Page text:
Community Agriculture Alliance: Horseshoe challenge set for Saturday
August 14, 2012
It's time for the Routt County Fair and your chance to throw some horseshoes, regardless of your skill level. There is a "play for fun" pit, where the winners get to stay and defend their spot until a challenger unseats them. There is a community team challenge that also is open to all. And, finally, there is the business team challenge — usually the most competitive of all.
The Steamboat Smokehouse/Mountain Paint team is ready to defend the business class championship trophy that they've snared for each of the past few years. Sitting with Tom and Fritz in the Smokehouse recently, they stopped just shy of "trash talk" as we tried to figure out why the horseshoe pitchers of Oak Creek, Yampa, Hayden and Clark so readily concede the trophy to Steamboat Springs each year. Good news: There's still time to round up a team for your business and participate.
This year's contest — the ninth annual, sponsored by the Community Agriculture Alliance — starts at 11:30 a.m. Saturday. Registration begins at 11 a.m. next to the six "pits" that are located behind the livestock barn. In addition to the business competition, there is a community competition for individual pairs or for couples who want to pitch horseshoes. And there is a "play till you lose" category, where any pair can compete to see how long they can last on top of the challenge pit.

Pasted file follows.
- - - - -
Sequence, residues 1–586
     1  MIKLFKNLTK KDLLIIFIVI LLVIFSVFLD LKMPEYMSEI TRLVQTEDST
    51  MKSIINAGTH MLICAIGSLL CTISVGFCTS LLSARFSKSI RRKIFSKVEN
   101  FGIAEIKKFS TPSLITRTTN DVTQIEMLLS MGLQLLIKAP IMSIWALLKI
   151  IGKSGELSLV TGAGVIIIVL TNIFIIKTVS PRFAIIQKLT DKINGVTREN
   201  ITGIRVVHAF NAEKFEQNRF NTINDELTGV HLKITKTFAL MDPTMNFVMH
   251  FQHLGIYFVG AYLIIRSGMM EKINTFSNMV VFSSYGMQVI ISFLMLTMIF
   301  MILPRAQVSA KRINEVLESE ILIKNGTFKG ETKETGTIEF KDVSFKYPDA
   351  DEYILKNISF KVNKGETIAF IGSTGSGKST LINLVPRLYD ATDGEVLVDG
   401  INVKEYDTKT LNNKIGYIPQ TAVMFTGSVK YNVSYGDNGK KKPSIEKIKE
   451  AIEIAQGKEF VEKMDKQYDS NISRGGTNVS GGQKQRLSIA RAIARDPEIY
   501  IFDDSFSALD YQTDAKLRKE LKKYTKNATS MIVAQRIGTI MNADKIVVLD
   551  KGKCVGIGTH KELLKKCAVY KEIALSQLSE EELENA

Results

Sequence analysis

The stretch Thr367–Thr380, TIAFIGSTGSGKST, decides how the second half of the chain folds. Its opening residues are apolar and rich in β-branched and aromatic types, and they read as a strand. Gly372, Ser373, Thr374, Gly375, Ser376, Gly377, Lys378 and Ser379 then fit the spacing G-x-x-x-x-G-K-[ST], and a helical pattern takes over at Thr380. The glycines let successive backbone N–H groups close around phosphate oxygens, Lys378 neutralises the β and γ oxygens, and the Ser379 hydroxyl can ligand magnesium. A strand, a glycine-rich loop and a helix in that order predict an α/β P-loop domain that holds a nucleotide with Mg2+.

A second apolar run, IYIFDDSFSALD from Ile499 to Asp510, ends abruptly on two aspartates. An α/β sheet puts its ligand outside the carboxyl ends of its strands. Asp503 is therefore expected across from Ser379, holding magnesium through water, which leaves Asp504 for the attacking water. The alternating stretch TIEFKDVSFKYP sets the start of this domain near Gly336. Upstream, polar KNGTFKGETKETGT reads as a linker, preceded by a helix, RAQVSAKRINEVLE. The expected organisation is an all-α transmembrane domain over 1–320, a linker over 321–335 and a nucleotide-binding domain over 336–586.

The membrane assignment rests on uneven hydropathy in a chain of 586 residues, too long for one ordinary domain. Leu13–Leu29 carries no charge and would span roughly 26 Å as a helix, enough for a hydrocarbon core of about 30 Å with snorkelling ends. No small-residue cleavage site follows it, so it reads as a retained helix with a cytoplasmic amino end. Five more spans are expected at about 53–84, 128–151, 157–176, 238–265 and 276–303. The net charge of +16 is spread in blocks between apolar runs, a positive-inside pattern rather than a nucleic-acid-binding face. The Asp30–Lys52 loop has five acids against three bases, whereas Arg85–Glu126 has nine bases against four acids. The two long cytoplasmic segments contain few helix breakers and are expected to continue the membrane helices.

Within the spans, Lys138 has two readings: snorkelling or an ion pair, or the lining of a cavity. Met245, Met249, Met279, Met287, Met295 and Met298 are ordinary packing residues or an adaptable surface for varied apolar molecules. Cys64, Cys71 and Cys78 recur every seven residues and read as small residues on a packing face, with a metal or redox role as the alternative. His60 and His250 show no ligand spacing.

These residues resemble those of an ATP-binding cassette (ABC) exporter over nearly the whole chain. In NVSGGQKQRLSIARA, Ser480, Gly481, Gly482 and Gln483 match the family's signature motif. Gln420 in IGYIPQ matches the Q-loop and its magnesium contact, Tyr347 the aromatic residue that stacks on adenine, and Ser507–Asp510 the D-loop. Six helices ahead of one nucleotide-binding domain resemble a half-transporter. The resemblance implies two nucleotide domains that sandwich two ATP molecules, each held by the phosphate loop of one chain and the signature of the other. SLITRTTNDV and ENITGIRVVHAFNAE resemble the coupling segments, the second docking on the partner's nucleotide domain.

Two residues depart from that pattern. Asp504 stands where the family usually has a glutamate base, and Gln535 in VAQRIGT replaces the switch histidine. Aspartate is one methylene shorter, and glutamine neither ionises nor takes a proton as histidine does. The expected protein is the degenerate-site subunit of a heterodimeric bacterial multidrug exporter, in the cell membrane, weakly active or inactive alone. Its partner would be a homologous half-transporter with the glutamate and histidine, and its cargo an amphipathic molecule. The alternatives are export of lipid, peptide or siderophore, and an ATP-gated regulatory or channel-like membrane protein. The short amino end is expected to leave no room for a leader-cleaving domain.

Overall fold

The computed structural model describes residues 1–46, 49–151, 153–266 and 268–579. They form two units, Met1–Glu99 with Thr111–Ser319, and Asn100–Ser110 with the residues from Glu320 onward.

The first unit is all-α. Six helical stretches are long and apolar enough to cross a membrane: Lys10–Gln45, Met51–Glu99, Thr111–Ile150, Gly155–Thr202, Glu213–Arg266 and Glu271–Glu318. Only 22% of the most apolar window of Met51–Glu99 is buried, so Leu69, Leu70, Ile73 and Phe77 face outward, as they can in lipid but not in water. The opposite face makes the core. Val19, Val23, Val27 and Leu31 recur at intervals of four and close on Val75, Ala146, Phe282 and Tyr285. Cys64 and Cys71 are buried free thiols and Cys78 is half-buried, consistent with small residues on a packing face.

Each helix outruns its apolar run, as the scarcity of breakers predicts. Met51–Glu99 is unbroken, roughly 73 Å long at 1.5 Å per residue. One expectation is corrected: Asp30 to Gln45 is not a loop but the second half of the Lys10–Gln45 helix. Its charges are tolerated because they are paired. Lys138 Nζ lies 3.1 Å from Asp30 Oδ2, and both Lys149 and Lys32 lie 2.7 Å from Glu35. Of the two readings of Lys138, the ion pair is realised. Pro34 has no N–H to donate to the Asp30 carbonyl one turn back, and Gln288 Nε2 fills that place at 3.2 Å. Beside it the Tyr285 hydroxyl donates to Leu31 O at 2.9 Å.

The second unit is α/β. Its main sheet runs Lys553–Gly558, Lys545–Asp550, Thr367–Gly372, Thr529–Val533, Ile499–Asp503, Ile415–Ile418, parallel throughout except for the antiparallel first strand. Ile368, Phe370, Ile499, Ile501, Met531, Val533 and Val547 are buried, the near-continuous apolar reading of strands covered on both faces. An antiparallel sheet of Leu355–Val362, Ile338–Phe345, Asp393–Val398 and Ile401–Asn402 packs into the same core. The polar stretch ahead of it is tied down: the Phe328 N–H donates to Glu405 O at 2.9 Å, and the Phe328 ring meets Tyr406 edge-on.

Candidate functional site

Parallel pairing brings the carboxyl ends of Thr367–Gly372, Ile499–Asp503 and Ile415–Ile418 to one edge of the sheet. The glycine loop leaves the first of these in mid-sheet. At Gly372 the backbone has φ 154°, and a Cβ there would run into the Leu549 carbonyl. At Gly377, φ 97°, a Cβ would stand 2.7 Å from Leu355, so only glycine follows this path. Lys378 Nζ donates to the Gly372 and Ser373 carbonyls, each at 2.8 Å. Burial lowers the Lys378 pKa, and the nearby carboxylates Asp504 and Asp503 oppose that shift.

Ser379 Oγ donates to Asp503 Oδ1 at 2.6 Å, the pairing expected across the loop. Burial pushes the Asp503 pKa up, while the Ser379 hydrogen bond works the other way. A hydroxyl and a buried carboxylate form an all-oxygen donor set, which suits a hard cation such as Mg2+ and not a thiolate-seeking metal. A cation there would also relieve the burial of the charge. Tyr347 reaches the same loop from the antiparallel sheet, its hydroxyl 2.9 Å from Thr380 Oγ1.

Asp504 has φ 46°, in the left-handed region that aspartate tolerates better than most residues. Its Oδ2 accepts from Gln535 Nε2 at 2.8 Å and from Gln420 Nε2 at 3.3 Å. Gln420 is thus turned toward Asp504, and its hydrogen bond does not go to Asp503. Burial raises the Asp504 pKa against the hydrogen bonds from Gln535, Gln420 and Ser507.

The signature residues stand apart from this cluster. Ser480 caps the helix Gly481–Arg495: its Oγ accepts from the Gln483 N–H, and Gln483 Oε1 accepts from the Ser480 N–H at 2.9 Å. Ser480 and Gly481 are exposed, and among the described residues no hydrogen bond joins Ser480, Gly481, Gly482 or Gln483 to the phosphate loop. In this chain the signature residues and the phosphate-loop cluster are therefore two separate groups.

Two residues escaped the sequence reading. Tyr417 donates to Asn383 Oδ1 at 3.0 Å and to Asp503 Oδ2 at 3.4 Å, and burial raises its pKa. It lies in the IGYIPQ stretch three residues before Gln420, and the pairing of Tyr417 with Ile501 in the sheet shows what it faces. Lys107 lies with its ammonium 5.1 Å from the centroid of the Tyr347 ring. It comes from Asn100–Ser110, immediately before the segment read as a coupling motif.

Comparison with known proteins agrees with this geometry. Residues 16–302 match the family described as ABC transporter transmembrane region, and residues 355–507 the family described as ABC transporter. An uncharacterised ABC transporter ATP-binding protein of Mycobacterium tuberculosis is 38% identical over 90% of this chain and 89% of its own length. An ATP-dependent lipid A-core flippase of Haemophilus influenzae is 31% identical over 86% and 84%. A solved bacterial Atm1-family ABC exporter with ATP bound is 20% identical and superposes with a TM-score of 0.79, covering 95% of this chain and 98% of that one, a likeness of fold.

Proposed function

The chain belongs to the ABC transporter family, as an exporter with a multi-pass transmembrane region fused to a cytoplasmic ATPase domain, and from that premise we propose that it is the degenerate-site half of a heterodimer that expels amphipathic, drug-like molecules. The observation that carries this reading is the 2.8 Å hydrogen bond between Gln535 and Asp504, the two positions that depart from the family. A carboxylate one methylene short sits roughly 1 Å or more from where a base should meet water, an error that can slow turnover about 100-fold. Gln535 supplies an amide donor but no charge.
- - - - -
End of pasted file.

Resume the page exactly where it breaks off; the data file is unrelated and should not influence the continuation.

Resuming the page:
Horseshoe pitching has a long history that tracks to Roman or Greek roots. In fact, it probably should be an Olympic sport.
The "modern" version dates to the Civil War, when soldiers tossed the shoes of mules, and later to a Kansas tournament in 1909 that billed itself as the first world championship. While the rules have changed slightly throughout the intervening years, the sport remains largely unchanged.
The rules for scoring points in the match are very basic. The "pitcher" throws a horseshoe 40 feet (30 feet for women and children) and tries to encircle a stake that sticks out of the ground about 12 inches. If successful, this is a "ringer" that is worth three points. If you pitch your shoe to within a few inches of the stake, it's worth a single point.
So, stop by the horseshoe pits Saturday when you're at the fair. You can do everything from watching for a few minutes to bringing your business team to challenge Tom and Fritz. And if you choose the latter, you'll probably want to bring a "ringer."